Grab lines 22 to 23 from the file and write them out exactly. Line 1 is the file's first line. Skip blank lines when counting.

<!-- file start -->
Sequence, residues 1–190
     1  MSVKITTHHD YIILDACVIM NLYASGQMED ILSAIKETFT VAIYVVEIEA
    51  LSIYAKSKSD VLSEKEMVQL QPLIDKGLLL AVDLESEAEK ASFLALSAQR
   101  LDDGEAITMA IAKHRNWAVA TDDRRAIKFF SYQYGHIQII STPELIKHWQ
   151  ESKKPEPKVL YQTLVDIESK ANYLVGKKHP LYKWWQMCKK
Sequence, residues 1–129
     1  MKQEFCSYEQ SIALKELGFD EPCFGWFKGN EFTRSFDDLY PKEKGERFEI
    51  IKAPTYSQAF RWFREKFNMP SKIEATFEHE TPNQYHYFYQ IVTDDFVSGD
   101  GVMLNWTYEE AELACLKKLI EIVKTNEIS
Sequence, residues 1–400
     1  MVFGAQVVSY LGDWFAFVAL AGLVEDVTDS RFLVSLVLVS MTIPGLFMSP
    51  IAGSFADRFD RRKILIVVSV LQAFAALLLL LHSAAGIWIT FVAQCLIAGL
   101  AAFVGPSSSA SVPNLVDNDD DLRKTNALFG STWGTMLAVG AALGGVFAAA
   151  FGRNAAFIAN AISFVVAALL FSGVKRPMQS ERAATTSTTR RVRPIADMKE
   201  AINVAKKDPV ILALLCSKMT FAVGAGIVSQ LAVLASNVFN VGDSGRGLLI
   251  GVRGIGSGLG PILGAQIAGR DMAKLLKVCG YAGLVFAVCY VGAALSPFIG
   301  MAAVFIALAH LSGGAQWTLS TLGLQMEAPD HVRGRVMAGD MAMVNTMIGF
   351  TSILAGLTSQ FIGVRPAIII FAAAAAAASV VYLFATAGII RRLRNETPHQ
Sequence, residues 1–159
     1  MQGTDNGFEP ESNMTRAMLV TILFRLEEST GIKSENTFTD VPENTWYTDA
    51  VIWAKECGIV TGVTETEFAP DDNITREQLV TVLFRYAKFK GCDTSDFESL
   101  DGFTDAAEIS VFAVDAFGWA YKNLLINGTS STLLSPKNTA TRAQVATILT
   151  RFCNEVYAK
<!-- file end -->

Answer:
   101  DGFTDAAEIS VFAVDAFGWA YKNLLINGTS STLLSPKNTA TRAQVATILT
   151  RFCNEVYAK